So if you choose to “go wide” with your ebook rather than Amazon-exclusive, you might as well publish on all of them! And if you do go wide — which can still include publishing on Amazon, by the way, just without KDP Select — you’ll be able to take advantage of each platform’s perks.
On that note, let’s run through our remaining platforms so you can get a fuller picture of your “wide distribution” possibilities.
Apple Books has roughly the same ebook market share as Barnes & Noble, though it’s poised to overtake B&N in the coming years (as Apple devices become increasingly popular compared to B&N's NOOK e-reader). Needless to say, it would behoove self-publishing authors to familiarize themselves with Apple’s ebook publishing platform and store ASAP.
🤗User-friendliness: Apple Books is more user-friendly than B&N, less so than KDP. You’ll find the ebook upload process outlined here; just create an iTunes Connect account and follow those steps. Setting your book’s price can get a little hairy, but we’ve clarified how to do it in that guide.
📚Distribution: Your book will be available on the Apple Books app, which is obviously only for Apple devices. An interesting upside is that Apple Books doesn’t price-match with other ebook stores — so if you distribute via Apple, you can set your book’s price a little higher than you might otherwise.
💰Royalties: Apple Books offers some of the best royalty shares out there: 70% on all ebooks, with no minimum or maximum list price.
If you do decide to “go wide” with your ebook, definitely get it on Apple Books! Even if you don’t have an Apple device yourself (in which case, borrow a friend’s to publish), lots of your readers will — and that unconditional 70% royalty promise is tough to beat.
Kobo Writing Life
Kobo Writing Life is the next platform on our list, and it’s distinct from the others in a number of ways. The biggest difference is that Kobo caters mainly to readers in Canada and other areas outside the US — so if you’re writing for a Canadian audience or another non-US country, you should definitely consider Kobo Writing Life.
You can learn more about Kobo and KWL in this webinar with Mark Lefebvre, a former Kobo director. But for ebook distribution purposes, here’s the lowdown.
🤗User-friendliness: KWL’s ebook upload process is similar to KDP’s, albeit with fewer details to fill in (for example, KWL only asks authors to choose categories to describe their books — no keywords). Though more info might be better for readers, there’s no doubt that KWL is quick and easy to use.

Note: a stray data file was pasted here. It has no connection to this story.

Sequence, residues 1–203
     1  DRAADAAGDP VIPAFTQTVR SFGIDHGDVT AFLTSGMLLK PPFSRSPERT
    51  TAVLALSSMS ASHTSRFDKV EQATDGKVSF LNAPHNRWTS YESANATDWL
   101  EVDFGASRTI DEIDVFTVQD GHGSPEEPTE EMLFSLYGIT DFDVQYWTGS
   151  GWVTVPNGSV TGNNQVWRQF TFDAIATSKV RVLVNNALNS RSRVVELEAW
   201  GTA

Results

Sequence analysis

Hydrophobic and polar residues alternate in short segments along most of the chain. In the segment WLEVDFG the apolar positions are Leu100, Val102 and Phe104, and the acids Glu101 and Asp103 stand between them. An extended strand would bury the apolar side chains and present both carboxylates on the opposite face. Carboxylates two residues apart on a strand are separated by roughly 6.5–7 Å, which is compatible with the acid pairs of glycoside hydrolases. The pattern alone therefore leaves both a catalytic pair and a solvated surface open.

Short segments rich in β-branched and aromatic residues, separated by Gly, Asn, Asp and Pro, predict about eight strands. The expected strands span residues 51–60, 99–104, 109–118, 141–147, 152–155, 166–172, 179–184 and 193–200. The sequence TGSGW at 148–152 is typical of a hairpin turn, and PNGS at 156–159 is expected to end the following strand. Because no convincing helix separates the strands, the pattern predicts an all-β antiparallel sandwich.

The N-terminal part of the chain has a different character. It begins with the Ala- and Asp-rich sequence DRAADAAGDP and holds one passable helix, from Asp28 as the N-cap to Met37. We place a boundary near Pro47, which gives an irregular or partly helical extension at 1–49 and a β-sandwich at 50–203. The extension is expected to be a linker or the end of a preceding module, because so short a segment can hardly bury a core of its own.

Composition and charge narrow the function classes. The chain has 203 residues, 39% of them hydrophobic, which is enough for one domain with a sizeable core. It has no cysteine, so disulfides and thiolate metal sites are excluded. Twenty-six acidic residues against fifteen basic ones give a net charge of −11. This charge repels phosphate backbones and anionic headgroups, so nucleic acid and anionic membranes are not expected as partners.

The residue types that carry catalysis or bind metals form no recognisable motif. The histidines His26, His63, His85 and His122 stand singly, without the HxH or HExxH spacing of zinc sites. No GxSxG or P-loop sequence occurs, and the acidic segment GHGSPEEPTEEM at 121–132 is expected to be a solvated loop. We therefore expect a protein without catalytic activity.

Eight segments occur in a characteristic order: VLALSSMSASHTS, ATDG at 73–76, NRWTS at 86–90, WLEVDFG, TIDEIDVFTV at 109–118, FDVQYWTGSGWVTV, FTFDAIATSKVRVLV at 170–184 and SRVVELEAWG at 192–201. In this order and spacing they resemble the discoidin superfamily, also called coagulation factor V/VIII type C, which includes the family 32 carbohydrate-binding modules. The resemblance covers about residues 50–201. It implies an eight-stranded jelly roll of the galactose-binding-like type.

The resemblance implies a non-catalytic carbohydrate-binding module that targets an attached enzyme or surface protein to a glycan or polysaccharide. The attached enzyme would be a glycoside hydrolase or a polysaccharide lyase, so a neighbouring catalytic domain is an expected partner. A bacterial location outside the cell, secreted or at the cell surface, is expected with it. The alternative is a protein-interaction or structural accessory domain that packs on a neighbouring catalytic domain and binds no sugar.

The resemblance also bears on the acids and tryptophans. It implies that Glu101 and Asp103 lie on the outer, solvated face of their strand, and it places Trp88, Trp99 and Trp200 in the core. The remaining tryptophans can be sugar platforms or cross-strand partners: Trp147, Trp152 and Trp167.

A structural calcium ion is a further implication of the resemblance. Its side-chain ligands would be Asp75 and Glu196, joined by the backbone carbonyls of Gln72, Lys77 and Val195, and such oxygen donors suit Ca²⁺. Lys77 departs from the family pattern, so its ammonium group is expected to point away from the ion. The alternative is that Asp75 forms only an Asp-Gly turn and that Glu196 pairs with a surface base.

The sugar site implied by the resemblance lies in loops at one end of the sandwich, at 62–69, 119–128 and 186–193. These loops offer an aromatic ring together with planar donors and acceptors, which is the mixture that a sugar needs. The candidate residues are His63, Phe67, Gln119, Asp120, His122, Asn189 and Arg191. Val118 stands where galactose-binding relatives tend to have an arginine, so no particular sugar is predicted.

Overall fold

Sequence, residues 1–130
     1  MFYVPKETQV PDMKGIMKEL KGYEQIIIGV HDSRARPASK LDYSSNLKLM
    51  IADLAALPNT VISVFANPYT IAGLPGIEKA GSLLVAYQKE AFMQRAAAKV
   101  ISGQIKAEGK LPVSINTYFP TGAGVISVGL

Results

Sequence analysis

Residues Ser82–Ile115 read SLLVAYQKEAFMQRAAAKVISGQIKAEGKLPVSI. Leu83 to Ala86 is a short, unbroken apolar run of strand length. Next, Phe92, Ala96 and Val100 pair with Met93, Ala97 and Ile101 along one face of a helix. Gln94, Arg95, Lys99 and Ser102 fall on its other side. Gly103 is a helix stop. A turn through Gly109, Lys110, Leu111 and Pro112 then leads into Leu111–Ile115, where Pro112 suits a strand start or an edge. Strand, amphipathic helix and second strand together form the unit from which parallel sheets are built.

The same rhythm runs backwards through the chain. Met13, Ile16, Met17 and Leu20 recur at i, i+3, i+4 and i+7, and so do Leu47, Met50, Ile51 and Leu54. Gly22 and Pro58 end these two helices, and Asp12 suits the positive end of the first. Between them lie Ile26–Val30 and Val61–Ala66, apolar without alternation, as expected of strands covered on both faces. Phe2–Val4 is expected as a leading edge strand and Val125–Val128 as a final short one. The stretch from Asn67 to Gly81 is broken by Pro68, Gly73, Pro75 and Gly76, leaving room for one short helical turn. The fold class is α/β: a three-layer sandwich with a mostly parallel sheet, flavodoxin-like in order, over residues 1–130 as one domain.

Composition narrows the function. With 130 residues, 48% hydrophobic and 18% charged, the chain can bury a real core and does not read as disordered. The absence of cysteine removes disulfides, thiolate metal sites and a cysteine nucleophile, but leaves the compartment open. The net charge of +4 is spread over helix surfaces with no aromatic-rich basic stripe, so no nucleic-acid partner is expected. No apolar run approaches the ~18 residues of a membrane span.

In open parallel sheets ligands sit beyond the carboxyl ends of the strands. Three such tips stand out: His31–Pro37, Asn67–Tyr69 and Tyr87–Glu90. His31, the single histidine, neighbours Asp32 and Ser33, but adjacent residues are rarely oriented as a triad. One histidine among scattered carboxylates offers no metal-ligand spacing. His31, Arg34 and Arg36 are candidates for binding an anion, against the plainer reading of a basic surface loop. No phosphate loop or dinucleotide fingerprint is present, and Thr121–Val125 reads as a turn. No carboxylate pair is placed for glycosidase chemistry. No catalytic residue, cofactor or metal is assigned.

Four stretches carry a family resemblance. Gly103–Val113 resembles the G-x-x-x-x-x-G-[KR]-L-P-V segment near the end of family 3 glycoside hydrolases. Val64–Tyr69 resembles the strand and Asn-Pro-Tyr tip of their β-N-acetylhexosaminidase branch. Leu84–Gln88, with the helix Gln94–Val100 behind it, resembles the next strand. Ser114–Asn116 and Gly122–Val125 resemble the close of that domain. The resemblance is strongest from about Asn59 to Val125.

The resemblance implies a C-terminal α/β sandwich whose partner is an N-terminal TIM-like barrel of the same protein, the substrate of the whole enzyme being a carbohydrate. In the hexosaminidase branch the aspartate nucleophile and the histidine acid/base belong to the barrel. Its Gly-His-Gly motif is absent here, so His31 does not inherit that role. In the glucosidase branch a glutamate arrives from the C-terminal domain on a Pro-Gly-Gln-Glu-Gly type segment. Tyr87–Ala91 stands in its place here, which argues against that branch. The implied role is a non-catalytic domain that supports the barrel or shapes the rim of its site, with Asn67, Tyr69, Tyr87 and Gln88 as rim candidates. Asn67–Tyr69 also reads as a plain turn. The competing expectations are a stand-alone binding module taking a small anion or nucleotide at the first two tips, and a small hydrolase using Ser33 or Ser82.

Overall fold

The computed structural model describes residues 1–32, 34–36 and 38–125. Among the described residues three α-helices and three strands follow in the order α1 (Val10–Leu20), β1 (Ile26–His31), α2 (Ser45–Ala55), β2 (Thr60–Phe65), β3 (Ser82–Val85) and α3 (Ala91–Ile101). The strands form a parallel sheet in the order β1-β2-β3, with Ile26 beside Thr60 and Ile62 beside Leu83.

📚Distribution: Publishing with KWL means your ebook will be distributed through the Kobo Store, which admittedly isn’t that huge. But Kobo's presence in Canada is a boon for some authors, and its diverse featured books indicates another company that’s not too algorithmic.
💰Royalties: Squarely in the middle of the royalties pack, Kobo offers authors 70% royalties for all ebooks priced above $2.99 (no ceiling) and 45% for ebooks below $2.99.
In summary, Kobo is a solid option for those targeting a Canadian market, but probably shouldn’t be your only distribution channel… which is fine, since it doesn’t require exclusivity under any circumstances anyway.
Google Play Books
Lastly, we have Google Play Books, another significant player (no pun intended!) in the e-reading game. Though billions of people own Androids and Google tablets, Google Play Books controls a relatively small share of the ebook market — but, like Apple Books, is bound to rocket up in the near future. May as well get to know the platform now!
🤗User-friendliness: It’s simple enough to actually upload your book to Google Play. However, as with B&N Press, there’s a slight hitch with financial information: Google has to review your bank info before you can sell your ebook, so make sure your account is activated well before your launch date.
📚Distribution: Google Play Books allows anyone access to its store as long as they have a Gmail account, which is nice for readers. The store also offers unique advantages for authors, such as being able to customize the length of your book’s preview and set different prices in different countries.
💰Royalties: Google Play matches Apple’s generous royalty setup for authors — 70% on all ebooks regardless of list price.
With that, we’ve covered all the major ebook publishing platforms and their associated stores. Now, if you decide to “go wide” on multiple retailers, you have two possible paths:
- Publishing directly on each retailer, which means uploading your ebook individually each time; or
- Using an aggregator that will take your ebook and upload it to multiple retailers for you.
Publishing your ebook directly on each store will typically net you better royalties than involving an aggregator. However, this route can be time-consuming, frustrating, and confusing when trying to track your sales from many places at once.
Using an aggregator means you only need to upload your ebook files once, you’ll get one big royalty check instead of several smaller ones, and you can find all your sales data in one place (hosted by the aggregator). But aggregators’ services aren’t free — and for some authors, paying an aggregator to handle ebook distribution may not be a great investment.
We’ll talk more about how to choose the right distribution strategy for you in a bit. First, though, you need a little more context for which aggregators are out there… which is exactly what this next section is about.